Detail of Art Work: Matthew Mahler: Synth Magic

By Terri Ciccone

The first photo by the author, the rest of the photos by Photos by Jakop Nazaretyan Photography, the courtesy of Factory Fresh.

Skewville, a set of  street art twin brothers, celebrated their birthday last Friday at Factory Fresh. Instead of cakes, games, line dancing and presents, there was beer, wooden sneakers,  giant dice used as chairs, and the musical styling’s of the band Anxiateam, comprised of the artists responsible for the gallery’s outdoor spaces, Jon Burgerman and Jim Avignon.

When you walk in the gallery, it’s as if three decades of Skewville’s work was put in a pile and then blown up. Every inch of the space is covered in the duo’s very recognizable style. The big block wood and/or cement cut outs that spell thinks like “skew” “NYC” “Hype” and “power” among many other things commanded the space, marking it as their own.

Marking territory is a practice Skewville is very familiar with.  One piece in the show is a lawn mower designed to mow the words “Keep On the Grass.” And more famously, strewn about the space is Skewville’s “When Dogs Fly” pieces. Ever see sneakers strung up over telephone lines in the city? Skewville has been practicing this ritual since they were children, and look at it as a way of making their mark in a place. “When Dogs Fly” refers to the busted shoes that adorn your tired achy feet, or “dogs”. Each sneaker is painted on wood, and then can be cut out and strung up over telephone lines. Skewville has been peddling this practice all around the country, customizing certain dogs to certain places, and leaving their mark on the wires.

This show is like entering Willy Wonka’s factory, but instead of imaginative versions of  sweets we have that of street culture. There are recognizable bright images and objects everywhere, cement blocks, fire hydrants, dice, traffic barriers, and yet they are all “wonkafied,” or Skewvillified into a dream land of cartoon-like and stylized pieces to reflect the impression this team has left on their city.

Twin Peaks. Space Oddity. Synth Magic. Odd Blood. The names of the paintings by Matthew Mahler document the journey you undertake when you take a dive into his work. References to the video games, encounters with aliens, rad 1990s TV shows, Native American motives… The visual language of Matthew Mahler is peculiarly odd, magical, and fascinating. Yet his works feel so familiar to someone who grew up in the ’90s, and was surrounded by the same pop culture and the common objects of fascination. Matthew Mahler says that it took him a long time to figure out how to create art that represents what he knows the best. He talks about his MFA break as the time when he was able to fully focus on his work and make a lot of progress in finding himself.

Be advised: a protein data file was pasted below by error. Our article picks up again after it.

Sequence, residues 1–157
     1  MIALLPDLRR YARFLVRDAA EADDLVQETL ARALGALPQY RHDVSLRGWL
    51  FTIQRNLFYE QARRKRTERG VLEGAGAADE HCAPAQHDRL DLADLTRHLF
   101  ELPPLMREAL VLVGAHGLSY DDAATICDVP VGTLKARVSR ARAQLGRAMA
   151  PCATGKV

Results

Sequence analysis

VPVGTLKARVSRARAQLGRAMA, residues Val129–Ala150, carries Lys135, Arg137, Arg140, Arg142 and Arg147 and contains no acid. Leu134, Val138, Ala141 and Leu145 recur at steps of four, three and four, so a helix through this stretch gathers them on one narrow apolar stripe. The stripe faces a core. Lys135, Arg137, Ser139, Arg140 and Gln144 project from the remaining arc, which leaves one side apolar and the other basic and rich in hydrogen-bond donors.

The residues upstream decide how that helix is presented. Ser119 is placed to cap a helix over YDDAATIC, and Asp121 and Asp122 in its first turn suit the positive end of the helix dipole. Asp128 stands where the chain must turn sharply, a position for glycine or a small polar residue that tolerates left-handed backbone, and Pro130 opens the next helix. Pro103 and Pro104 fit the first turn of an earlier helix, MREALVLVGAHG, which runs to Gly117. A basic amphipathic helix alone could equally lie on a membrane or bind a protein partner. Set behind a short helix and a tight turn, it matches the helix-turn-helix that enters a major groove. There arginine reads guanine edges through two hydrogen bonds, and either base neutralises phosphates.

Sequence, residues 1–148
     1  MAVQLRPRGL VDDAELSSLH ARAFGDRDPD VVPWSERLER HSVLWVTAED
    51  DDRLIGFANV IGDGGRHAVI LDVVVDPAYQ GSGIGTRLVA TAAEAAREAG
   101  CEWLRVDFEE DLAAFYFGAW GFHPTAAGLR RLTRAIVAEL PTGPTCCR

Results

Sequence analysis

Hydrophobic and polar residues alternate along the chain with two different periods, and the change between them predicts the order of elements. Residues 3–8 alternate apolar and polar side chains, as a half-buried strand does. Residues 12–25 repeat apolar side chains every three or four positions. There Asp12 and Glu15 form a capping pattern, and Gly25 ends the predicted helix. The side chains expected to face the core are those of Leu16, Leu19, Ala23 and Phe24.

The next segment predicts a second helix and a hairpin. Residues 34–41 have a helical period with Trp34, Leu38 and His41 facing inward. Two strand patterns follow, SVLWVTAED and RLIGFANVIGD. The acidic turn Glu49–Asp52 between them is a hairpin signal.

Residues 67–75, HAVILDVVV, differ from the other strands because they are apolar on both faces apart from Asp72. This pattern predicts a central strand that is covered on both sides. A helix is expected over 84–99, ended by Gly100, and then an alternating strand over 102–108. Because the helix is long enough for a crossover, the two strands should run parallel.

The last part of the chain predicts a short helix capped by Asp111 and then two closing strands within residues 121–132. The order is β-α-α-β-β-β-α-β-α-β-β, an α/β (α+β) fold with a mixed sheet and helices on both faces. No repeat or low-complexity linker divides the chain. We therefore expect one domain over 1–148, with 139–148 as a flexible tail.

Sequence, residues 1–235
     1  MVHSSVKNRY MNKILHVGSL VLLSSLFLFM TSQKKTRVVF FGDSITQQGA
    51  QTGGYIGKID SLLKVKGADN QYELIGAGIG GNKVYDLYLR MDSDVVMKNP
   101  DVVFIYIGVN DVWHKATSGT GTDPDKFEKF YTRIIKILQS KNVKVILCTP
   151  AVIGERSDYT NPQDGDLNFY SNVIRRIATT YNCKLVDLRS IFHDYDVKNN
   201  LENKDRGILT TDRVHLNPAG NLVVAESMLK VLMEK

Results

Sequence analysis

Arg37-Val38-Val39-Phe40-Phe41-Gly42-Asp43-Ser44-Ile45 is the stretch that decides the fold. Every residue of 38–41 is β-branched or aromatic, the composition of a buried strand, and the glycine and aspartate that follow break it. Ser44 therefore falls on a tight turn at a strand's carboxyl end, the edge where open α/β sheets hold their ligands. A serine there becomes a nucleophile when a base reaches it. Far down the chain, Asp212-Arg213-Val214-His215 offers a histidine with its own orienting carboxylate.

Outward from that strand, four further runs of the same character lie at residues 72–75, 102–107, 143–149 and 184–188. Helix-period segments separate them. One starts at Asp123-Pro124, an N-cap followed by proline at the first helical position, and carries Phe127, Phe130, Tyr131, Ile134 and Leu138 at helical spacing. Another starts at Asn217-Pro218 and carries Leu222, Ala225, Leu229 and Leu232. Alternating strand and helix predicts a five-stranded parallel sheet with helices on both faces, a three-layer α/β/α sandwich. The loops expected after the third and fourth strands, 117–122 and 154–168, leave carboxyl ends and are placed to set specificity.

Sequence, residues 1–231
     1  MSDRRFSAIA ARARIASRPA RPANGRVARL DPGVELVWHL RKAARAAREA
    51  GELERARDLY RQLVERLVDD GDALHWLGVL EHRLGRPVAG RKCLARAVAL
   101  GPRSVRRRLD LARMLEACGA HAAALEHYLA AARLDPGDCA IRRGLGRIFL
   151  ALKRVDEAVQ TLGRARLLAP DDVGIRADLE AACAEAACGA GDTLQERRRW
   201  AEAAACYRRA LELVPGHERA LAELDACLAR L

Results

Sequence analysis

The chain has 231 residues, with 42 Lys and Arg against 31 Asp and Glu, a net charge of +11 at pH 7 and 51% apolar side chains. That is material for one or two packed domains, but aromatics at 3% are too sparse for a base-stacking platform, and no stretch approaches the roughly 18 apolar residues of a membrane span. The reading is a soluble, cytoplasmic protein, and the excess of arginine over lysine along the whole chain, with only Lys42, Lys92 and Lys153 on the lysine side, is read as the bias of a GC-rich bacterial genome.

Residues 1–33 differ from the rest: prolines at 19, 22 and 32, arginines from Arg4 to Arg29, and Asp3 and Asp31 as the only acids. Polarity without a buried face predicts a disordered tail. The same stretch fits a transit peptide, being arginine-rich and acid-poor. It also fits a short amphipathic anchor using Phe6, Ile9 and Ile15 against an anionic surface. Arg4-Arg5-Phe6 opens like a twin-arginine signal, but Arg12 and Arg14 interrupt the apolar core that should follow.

Matt has been a vital part of the Bushwick arts community. Last year, he and his buddy artist Jonathan Terranova opened a gallery located in the basement of a Ridgewood building. They named it Small Black Door after, well, its small black door. They have been putting up amazingly refreshing group art shows focusing on underrepresented artists from the Bushwick area.

Matthew is also one of the artists in Mushroom Universewhich is the second exhibition of the internet-based gallery BushwickGallery.com. You can catch up with him at the offline opening of the show this Friday at 950 Hart Gallery.

I caught Matt in his studio in the industrial part of Greenpoint. He was just about to start working  on a drawing. He was using a ruler and wide markers. “There is something wrong about using markers for fine art. That’s why I like it,” Matthew was laughing. We chatted about Small Black Door, his MFA experience and the role of the 1990s in his work…


Are you going to show your work eventually at Small Black Door?

I am curating a show there in April, and my work may be part of it. It won’t be “The Matthew Mahler Show,” though.  It will be a group show, and I feel like it makes sense to include my work.

I keep asking this of many people. How do you feel about self-curatorial endeavors?

It can be done, but has to be done in a tasteful way… I don’t like when somebody curates a show, put themselves in it, and then they even use their own image for the postcard…. By the way, would you like some water? I only have these shot-sized cups…

Yeah, sure…

[We do shots of water.]

Can you describe the role of the 1990s in your work?

The impact of the 1990s in my work is pretty overt. Having grown up in that time; meaning literally becoming a mature person,  I can’t help but include that experience. I don’t mean in a nostalgic or comforting way, but the 1990s are what I know. I have always made work based on my experience, and I can’t deny that I grew up as part of that generation with a certain visual language. I think that’s why I am so drawn to using it and adopting it as my visual language.